Why? The Colorado Department of Transportation's contract for the massive Central 70 project, which broke ground in August 2018, allows just four complete weekend closures over the course of the entire effort, which was originally hoped to achieve "substantial completion" in four years. (That goal is already in doubt: Earlier this month, CDOT moved back its ballpark finish date of September 2022 to that December.) Since the first of the stoppages took place in April, CDOT will have burned through half of its pledged total in just five months.
The need for occasional full closures was first outlined for us by Rebecca White, Central 70's communications director, in April 2018. According to her, "One of the major restrictions we put on the contractor with this project is that because Interstate 70 is an economic backbone for the state, they can't close any lanes during daylight hours. Up until 7 p.m., they have to keep three lanes running in either direction." However, this reference was to weekdays. White emphasized that its contractors "have only a set number of weekend and overnight full closures."
The spring shutdown earned widespread criticism, with CDOT accused of not giving motorists enough of a heads-up about the inconvenience being foisted upon them. This time around, the department pushed out its messaging sooner and is trying to tamp down frustration by suggesting that its approach should minimize problems over the long haul. A CDOT statement maintains that "full weekend closures allow construction crews to complete work that could potentially take months of nightly lane closures in just one weekend" and adds that "in light of the start of football season, the Central 70 team worked to schedule this full weekend closure around Broncos home games as to avoid creating unnecessary impacts due to the closure." (The Broncos visit the Green Bay Packers on Sunday.)
The main tasks being tackled this weekend involve the setting of girders for the replacement bridge over I-70 at Colorado Boulevard, as well as the start of I-270 bridge demolition. Here's a CDOT graphic showing the closed section and how drivers will be rerouted in order to get around it:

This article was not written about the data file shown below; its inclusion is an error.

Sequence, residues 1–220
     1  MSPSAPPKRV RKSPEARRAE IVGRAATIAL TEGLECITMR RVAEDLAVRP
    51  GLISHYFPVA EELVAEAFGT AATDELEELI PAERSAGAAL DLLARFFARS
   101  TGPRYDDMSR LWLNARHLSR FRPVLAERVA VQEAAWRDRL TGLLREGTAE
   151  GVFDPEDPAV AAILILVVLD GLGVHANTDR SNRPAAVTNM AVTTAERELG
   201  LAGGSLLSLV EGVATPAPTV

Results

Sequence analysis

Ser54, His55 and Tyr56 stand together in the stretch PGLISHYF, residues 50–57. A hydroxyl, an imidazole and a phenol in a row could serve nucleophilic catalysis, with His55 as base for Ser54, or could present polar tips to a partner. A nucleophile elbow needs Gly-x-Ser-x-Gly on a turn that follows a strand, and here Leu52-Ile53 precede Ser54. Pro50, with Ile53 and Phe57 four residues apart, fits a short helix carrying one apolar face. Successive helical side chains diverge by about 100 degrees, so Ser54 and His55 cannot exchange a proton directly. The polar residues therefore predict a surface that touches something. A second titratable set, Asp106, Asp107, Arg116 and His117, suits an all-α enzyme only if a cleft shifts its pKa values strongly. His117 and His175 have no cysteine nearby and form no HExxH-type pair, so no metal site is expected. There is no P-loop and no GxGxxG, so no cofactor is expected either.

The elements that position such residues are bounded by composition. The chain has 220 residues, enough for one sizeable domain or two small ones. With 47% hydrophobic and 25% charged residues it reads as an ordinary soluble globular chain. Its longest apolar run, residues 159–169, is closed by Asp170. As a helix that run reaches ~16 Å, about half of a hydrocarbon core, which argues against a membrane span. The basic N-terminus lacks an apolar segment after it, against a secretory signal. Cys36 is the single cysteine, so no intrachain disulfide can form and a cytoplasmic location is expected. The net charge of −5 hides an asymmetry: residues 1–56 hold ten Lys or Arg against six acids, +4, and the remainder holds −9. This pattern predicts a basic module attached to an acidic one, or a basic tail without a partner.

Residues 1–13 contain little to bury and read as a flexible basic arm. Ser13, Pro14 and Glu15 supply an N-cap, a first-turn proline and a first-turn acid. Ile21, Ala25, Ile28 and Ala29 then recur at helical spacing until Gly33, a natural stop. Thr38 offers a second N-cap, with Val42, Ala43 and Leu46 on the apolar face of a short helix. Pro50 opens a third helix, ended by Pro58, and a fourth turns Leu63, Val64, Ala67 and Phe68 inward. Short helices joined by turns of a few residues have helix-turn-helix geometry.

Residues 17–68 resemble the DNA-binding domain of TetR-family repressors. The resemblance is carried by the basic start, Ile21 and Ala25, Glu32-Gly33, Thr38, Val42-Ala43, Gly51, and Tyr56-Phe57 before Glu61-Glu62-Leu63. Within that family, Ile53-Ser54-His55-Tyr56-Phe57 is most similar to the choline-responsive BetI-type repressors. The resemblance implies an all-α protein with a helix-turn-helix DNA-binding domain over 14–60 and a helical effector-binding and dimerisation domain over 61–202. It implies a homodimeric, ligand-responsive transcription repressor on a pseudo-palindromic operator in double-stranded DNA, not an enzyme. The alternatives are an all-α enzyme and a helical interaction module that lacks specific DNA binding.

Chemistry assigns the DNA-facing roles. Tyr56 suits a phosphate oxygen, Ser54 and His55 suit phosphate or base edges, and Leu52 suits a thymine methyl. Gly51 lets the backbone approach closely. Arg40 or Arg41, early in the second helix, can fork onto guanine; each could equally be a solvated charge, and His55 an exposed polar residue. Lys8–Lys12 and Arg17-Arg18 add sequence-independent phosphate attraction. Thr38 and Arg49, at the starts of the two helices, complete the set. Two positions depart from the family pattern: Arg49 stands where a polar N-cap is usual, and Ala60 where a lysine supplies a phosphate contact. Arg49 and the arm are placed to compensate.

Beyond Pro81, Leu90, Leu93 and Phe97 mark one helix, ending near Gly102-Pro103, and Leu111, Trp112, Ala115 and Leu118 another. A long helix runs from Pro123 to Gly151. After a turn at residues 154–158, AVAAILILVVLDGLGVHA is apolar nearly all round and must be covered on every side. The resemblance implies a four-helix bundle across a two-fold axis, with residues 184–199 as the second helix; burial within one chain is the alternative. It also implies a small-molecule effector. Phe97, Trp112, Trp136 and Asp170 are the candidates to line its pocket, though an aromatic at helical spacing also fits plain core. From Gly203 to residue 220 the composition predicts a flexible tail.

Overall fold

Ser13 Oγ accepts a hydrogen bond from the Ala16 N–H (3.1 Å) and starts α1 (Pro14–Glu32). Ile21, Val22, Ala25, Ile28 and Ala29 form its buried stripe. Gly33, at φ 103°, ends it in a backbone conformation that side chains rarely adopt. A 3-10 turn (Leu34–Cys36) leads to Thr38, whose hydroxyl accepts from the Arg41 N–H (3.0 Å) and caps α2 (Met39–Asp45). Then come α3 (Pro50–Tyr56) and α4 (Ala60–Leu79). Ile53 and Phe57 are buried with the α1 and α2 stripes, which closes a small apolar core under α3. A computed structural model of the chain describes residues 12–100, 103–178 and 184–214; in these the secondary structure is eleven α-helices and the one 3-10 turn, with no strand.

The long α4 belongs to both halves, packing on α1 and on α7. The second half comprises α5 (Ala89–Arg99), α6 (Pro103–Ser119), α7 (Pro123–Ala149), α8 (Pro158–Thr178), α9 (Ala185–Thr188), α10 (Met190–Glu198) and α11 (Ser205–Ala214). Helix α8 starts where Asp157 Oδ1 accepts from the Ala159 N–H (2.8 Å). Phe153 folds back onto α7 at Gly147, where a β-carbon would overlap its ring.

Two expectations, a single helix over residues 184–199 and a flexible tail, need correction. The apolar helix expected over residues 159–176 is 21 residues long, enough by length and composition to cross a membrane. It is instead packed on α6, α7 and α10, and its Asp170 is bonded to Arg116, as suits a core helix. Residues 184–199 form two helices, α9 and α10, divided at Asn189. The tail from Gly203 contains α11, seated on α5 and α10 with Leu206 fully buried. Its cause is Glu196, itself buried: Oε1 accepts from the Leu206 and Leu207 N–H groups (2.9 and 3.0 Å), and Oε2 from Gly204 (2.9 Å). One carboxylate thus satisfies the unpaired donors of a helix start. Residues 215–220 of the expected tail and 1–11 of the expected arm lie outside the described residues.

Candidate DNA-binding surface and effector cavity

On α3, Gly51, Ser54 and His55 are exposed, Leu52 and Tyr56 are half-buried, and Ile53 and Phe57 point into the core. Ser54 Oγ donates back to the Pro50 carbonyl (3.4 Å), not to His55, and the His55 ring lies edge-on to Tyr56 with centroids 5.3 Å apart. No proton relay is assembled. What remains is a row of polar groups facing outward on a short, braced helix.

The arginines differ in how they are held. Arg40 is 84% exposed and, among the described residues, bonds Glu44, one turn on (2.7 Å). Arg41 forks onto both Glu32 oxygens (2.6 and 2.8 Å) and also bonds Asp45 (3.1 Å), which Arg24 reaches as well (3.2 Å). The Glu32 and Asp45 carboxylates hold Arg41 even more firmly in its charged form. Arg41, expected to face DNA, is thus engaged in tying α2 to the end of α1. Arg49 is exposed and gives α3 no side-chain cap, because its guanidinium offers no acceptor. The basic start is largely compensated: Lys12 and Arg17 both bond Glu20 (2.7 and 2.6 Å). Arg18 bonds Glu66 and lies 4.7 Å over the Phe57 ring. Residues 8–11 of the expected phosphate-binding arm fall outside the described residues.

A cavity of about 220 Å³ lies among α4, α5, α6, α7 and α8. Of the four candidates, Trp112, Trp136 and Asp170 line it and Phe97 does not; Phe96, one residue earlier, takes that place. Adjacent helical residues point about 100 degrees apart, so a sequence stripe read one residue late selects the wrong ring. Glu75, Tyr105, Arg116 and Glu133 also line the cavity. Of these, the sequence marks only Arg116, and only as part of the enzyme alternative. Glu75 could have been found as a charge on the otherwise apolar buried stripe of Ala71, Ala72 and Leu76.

Eastbounders, meanwhile, will take northbound I-25 to eastbound I-76 before flowing onto southbound I-270 and continuing to the eastbound I-270 exit. The department adds that drivers wanting to enter I-70 prior to reaching Steele/Vasquez will still be able to do so.
It's worth noting that opponents of the Central 70 project have advocated for these detours to become the major east-west highway routes through Denver. Likewise, the 2019 "Freeways Without Futures" study by Washington, D.C.-based nonprofit Congress for the New Urbanism argues in favor of replacing I-70 with a boulevard through the Central 70 construction zone and rerouting the interstate onto I-270 and I-76 because they generally run through commercial and industrial areas as opposed to actual neighborhoods.
CDOT rejects these ideas and remains bullish on Central 70. But wrapping it up without further delays — and without breaking its just-four-full-weekend-closures promise — could prove to be the latest in a slew of challenges.
To get text alerts about the Central 70 project, text Central70 to 77948. To sign up for email updates or learn more about traffic impacts, visit c70.codot.gov. And click to view the project's webcams.